Also, with the third optical wavelength converting apparatus in accordance with the present invention, accurate measurement and adjustment of the length of the crystal need not be carried out. Therefore, the cost of the third optical wavelength converting apparatus in accordance with the present invention can be kept low.

The present invention still further provides a fourth optical wavelength converting apparatus in which a fundamental wave impinges upon a crystal of a nonlinear optical material, the type II of phase matching between the fundamental wave and its second harmonic is effected, and the second harmonic of the fundamental wave is thereby radiated out of the optical wavelength converting apparatus,

wherein the improvement comprises the provision of a means for rotating said crystal around an axis, which extends in a direction that intersects an optical path of said fundamental wave in said crystal, and thereby changing the length of the optical path of said fundamental wave in said crystal.

The length of the optical path of the fundamental wave in the crystal corresponds to the crystal length L in Formula (12). If the crystal length L changes, the phase difference Δ will change. When the phase difference Δ changes, the direction of linear polarization of the fundamental wave also changes. Therefore, by rotating the crystal of the nonlinear optical material in the manner described above, the direction of linear polarization of the fundamental wave can be adjusted such that the maximum wavelength conversion efficiency may be obtained.

As described above, the fourth optical wavelength converting apparatus in accordance with the present invention has a simple structure composed of the means for rotating the crystal of the nonlinear optical material and can yield the second harmonic having the maximum intensity. The fourth optical wavelength converting apparatus in accordance with the present invention need not be provided with a temperature adjusting means, which is large in size and should have a high accuracy. Therefore, the fourth optical wavelength converting apparatus in accordance with the present invention can be kept small in size and cheap in cost. Also, with the fourth optical wavelength converting apparatus in accordance with the present invention, the length of the crystal of the nonlinear optical material need not be set strictly at a specific value. Therefore, accurate measurement and adjustment of the length of the crystal need not be carried out. With this feature, the cost of the fourth optical wavelength converting apparatus in accordance with the present invention can be lowered even further.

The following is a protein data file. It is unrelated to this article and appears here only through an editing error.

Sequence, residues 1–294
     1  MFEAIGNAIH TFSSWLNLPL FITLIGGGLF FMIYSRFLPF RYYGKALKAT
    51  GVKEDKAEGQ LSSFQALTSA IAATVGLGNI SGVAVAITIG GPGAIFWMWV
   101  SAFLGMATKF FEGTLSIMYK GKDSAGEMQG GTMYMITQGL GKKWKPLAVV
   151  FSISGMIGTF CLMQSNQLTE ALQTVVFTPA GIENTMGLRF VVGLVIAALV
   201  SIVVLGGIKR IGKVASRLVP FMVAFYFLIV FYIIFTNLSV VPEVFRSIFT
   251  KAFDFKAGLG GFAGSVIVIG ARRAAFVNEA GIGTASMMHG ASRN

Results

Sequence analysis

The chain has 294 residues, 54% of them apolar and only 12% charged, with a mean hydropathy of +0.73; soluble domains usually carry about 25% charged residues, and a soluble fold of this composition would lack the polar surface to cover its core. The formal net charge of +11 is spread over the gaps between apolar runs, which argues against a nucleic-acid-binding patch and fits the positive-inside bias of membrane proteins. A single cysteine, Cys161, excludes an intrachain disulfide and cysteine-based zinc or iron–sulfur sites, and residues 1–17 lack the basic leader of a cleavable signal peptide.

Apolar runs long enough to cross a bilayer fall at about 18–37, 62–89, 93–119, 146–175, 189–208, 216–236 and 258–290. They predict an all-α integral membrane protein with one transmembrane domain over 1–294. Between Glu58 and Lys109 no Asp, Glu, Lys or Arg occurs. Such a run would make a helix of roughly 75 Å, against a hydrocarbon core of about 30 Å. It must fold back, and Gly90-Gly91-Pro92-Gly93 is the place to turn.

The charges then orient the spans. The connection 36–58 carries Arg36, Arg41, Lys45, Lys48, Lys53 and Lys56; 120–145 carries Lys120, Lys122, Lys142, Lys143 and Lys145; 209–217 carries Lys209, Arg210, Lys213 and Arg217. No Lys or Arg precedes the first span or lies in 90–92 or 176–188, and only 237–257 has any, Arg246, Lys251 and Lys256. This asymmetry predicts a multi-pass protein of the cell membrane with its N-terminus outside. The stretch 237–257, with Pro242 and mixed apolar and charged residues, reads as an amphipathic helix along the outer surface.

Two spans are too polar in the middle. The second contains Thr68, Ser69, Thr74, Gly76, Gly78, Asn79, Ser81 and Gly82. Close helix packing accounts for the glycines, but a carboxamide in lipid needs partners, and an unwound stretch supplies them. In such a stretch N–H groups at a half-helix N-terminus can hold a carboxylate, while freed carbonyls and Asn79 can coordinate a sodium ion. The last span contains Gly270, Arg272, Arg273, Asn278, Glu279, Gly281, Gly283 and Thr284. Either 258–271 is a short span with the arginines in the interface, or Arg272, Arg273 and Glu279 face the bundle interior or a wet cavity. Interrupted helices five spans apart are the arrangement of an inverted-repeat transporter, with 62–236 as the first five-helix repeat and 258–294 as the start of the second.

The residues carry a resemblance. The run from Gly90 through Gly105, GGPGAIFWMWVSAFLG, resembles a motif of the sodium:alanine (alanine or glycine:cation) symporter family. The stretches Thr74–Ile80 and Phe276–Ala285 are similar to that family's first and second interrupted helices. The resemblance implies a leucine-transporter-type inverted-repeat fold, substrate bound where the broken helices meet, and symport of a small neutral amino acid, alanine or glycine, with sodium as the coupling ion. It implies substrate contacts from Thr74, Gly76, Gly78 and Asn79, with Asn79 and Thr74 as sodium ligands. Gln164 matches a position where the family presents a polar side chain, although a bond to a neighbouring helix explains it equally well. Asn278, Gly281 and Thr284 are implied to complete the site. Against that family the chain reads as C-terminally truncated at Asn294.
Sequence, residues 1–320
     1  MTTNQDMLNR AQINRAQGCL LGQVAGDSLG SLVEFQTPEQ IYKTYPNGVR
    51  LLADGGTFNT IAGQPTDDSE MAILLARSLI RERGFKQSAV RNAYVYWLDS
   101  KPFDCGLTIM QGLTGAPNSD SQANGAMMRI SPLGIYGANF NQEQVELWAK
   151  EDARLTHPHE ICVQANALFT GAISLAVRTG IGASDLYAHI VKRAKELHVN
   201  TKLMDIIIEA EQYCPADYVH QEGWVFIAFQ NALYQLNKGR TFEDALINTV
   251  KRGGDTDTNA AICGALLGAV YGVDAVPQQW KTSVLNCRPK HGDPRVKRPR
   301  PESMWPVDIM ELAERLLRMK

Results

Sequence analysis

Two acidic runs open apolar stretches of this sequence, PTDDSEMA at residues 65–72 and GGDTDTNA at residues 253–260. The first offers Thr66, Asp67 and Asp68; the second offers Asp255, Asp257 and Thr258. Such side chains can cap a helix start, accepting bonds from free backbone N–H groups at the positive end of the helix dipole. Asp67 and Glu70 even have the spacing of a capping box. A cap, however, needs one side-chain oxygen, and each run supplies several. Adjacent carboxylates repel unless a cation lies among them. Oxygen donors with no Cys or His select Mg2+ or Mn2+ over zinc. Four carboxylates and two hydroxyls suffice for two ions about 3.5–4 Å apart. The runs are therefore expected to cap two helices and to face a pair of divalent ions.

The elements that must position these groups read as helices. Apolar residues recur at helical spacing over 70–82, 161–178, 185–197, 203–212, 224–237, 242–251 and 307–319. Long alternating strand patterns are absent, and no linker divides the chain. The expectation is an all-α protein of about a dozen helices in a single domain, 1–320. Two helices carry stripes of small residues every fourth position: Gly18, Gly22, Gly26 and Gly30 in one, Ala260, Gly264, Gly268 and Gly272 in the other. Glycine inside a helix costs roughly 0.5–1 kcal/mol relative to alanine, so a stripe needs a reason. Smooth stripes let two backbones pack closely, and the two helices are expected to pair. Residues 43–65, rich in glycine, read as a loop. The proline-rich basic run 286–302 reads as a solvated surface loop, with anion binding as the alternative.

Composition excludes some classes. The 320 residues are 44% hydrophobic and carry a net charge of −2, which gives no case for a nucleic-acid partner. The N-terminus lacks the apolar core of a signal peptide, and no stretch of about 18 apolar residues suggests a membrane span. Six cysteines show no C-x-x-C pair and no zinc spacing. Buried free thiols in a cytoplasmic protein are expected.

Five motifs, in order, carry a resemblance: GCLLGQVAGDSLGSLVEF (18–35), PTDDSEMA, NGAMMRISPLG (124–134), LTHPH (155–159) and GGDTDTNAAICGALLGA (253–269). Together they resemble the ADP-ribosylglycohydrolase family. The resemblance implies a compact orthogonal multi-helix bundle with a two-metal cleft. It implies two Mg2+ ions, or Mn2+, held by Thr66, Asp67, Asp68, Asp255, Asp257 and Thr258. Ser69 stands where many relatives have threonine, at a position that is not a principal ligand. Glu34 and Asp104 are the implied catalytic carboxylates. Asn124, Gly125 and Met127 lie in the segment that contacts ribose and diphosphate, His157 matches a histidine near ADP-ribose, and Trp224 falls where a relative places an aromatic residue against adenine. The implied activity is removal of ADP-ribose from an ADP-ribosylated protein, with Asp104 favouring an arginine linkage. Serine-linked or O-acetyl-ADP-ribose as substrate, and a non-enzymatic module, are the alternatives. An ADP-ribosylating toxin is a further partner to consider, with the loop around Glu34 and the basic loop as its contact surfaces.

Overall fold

Also, with the fourth optical wavelength converting apparatus in accordance with the present invention, by selecting an appropriate angle of rotation of the crystal of the nonlinear optical material, the occurrence of any mode competition noise can be eliminated even if the fundamental wave is being generated in a multimode.

The present invention also provides a fifth optical wavelength converting apparatus in which a laser beam, serving as a fundamental wave and having been obtained by pumping a solid laser medium, impinges upon a crystal of a nonlinear optical material, the type II of phase matching between the fundamental wave and its second harmonic is effected, and the second harmonic of the fundamental wave is thereby radiated out of the optical wavelength converting apparatus,

wherein two solid laser media, which produce linearly polarized laser beams, are employed as said solid laser medium,

one of two said solid laser media is located such that the direction of linear polarization of the laser beam, which has been produced by said one solid laser medium, may coincide with the direction of one of two optic axes of said crystal, and

the other solid laser medium is located such that the direction of linear polarization of the laser beam, which has been produced by said other solid laser medium, may coincide with the direction of the other optic axis of said crystal.

Effects of the fifth optical wavelength converting apparatus in accordance with the present invention will be described hereinbelow with reference to, for example, FIG. 5. In order for the second harmonic 12 to be produced, it is necessary that the fundamental wave 11 has the linearly polarized light component in the Z axis direction and the linearly polarized light component in the Y' axis direction. Therefore, in the fifth optical wavelength converting apparatus in accordance with the present invention, the two solid laser media are located such that the directions of linear polarization of the laser beams, which have been produced by the two solid laser media coincide with the Z axis direction and the Y' axis direction. The two laser beams, serving as the fundamental wave, impinge upon the crystal of the nonlinear optical material. In this manner, the fundamental wave is converted into its second harmonic.